ESPE Abstracts (2014) 82 P-D-3-1-962

46,XY Female with Turner Syndrome, Crohn's Disease and Low Level Mosaicism for Monosomy X

Emir Tasa, Svetlana Yatsenkob,c & Jadranka Popovica


aDepartment of Pediatric Endocrinology, Children’s Hospital of Pittsburgh, Pittsburgh, Pennsylvania, USA; bDepartment of Obstetrics, Gynecology & Reproductive Sciences, University of Pittsburgh Medical Center, Pittsburgh, Pennsylvania, USA; cDepartment of Pathology, University of Pittsburgh School of Medicine, Pittsburgh, Pennsylvania, USA


Introduction: Turner syndrome (TS) is characterized by short stature and premature ovarian failure. Genetic component of TS patients with diagnosis of inflammatory bowel disease has not been largely studied.

Case Report: A 94/12-year-old girl with history of Crohn’s disease was evaluated for short stature. Her disease was well controlled with medications, however she continued with linear growth failure. Medical history included frequent ear infections, speech delay, ADHD and learning and emotional support. She was short (height<2SD), had hypertelorism, micrognathia, overcrowding of teeth, high arched palate, low posterior hairline, dysplastic nails, cubita valga and widely spaced nipples. She was pre-pubertal with normal female external genitalia without clitoromegaly. Karyotype from peripheral blood showed mosaicism for a 45,X cell line in ~11% of the cells and 46,XY male chromosome complement in ~89% of metaphase cells. Fluorescence in situ hybridisation ISH analysis using the X chromosome centromere specific and the SRY probes showed that ~80% of the interphase cells had both X and Y chromosomes with the intact SRY gene. FISH analysis on a urine sample demonstrated monosomy X in ~44% of the cells, while 56% of cells showed signals for both X and Y chromosomes. Pelvic US showed presence of uterus. No gonads were identified. She had low testosterone (<0.1 ng/dl), LH (0.46 mIU/ml), anti-Mullerian hormone (<0.03 ng/ml) and inhibin (<10 pg/ml). FSH was elevated (29.8 mIU/ml).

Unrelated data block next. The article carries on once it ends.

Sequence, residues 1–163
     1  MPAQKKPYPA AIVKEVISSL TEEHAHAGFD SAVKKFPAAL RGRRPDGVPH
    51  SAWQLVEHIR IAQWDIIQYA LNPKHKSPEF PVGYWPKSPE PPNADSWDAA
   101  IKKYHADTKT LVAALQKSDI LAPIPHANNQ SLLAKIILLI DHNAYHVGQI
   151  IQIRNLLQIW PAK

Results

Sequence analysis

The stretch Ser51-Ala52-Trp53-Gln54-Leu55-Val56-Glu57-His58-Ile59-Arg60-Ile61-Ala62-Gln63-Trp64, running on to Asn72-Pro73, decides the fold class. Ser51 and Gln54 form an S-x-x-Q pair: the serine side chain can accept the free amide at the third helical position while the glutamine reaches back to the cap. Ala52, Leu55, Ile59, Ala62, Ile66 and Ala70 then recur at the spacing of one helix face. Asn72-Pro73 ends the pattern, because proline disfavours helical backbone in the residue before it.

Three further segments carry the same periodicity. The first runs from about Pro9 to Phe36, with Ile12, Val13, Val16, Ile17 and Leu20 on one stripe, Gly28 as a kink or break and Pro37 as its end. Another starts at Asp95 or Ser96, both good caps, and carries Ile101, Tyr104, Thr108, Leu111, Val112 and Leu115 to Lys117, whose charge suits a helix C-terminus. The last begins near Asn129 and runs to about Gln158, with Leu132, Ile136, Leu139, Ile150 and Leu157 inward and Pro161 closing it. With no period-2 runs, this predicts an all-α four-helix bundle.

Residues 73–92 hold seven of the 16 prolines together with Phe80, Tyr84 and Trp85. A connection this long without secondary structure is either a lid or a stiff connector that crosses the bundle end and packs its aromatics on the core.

Conclusion: Approximately 5–10% of the TS patients have 46,XY cell line. Phenotype is variable depending on the type and function of the gonadal tissue. Our patient is a phenotypic female despite a predominant male chromosome complement in the peripheral blood, however the level of cells with monosomy X in the urine is significantly higher. Our data indicate the necessity of studying more than one tissue from each patient to reveal a tissue-specific differences in the proportion of cells with different chromosome complement.

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